Social Justice

Nurseries in poorer areas are at crisis point, councils warn

The Local Government Association said more funding must be invested in the 30-hour scheme to 'break the cycle of disadvantage'

A scheme giving families free childcare could force nurseries in deprived areas to close if it doesn’t receive more funding, concerned councillors have told The Big Issue.

The government’s flagship 30 hours initiative, which gives 30 hours of funded childcare to parents who work at least 16 hours a week, has put services under severe financial pressure and risks driving down the quality of services.

Cllr Anntoinette Bramble, the chair of the Local Government Association’s children board, has said that while the scheme is a positive step to help working families she and the rest of the board have  “repeatedly raised concerns that the funding rates are insufficient”.

Bramble added that there are particular concerns around services for disadvantaged children and those with special educational needs if funding levels fall below the cost of delivering services.

With a £660m gap in funding, private and independent nurseries offering childcare under the scheme in poorer areas are most likely to be threatened with closure and leave low-income families with fewer childcare options.

A recent survey of London councils found that the 30 hours scheme was already reducing the number of spaces available for disadvantaged two-year-olds.

Tulip Siddiq MP, who chairs the parliamentary group, urged the government to take recommendations on board and provide the “urgent funding and support” needed to “successfully, and sustainably, deliver its childcare policies”.

She added: “We know that the early years are hugely important to a child’s physical and mental development and future life chances.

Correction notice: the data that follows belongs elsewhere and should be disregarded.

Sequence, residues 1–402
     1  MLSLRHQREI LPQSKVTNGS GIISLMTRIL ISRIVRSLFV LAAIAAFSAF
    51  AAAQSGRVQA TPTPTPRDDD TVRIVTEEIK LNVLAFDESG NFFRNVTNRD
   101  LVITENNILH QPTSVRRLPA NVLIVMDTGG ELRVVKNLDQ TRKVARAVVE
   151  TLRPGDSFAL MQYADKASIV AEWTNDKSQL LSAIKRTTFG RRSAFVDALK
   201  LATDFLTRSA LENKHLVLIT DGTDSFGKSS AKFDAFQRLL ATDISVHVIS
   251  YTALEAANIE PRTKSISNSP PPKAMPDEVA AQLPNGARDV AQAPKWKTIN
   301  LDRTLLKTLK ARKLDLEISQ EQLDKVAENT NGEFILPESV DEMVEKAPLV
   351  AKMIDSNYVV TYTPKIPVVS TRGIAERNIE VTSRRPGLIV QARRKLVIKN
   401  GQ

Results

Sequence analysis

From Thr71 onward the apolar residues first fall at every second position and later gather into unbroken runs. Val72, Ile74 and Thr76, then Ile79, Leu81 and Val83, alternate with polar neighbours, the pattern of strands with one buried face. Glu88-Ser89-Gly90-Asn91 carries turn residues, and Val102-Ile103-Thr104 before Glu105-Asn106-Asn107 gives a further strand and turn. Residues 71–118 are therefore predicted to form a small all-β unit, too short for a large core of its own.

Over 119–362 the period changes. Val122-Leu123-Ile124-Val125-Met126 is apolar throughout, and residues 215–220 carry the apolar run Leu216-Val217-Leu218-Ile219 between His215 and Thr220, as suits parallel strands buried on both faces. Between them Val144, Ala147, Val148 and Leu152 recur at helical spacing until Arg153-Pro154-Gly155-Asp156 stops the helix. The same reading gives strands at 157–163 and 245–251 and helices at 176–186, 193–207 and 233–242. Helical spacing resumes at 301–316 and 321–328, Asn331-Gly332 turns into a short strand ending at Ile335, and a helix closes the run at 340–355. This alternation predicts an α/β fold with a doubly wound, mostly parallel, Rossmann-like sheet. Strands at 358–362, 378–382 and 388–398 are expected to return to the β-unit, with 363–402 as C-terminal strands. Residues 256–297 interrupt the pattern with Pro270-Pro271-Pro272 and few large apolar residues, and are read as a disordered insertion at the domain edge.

“However, there is a significant body of evidence to demonstrate that childcare providers are battling to achieve and maintain financial sustainability, and that government policies are a major cause of this challenge.

“With the spending review just around the corner, and a new prime minister soon to enter Downing Street, this report is being published at a critical time.”

Councillor Bramble added: “Research shows that effective, high-quality early years provision makes a real difference to young children, helping to break the cycle of disadvantage, improving social mobility and offering them a good start in life.”

The government has said it’s investing more than any previous government in childcare in early education.

Responding to the cross-party group of MP’s, children and families minister Nadhim Zahawi said: “We are focused on raising the quality of the early years so that every child gets the best start – that’s why we are investing more than any previous government in childcare and early education, including £3.5 billion on our offers this year alone.”

The news of the funding gap comes as Tory leadership hopefuls Boris Johnson and Jeremy Hunt presented lavish spending plans in the race to become prime minister.

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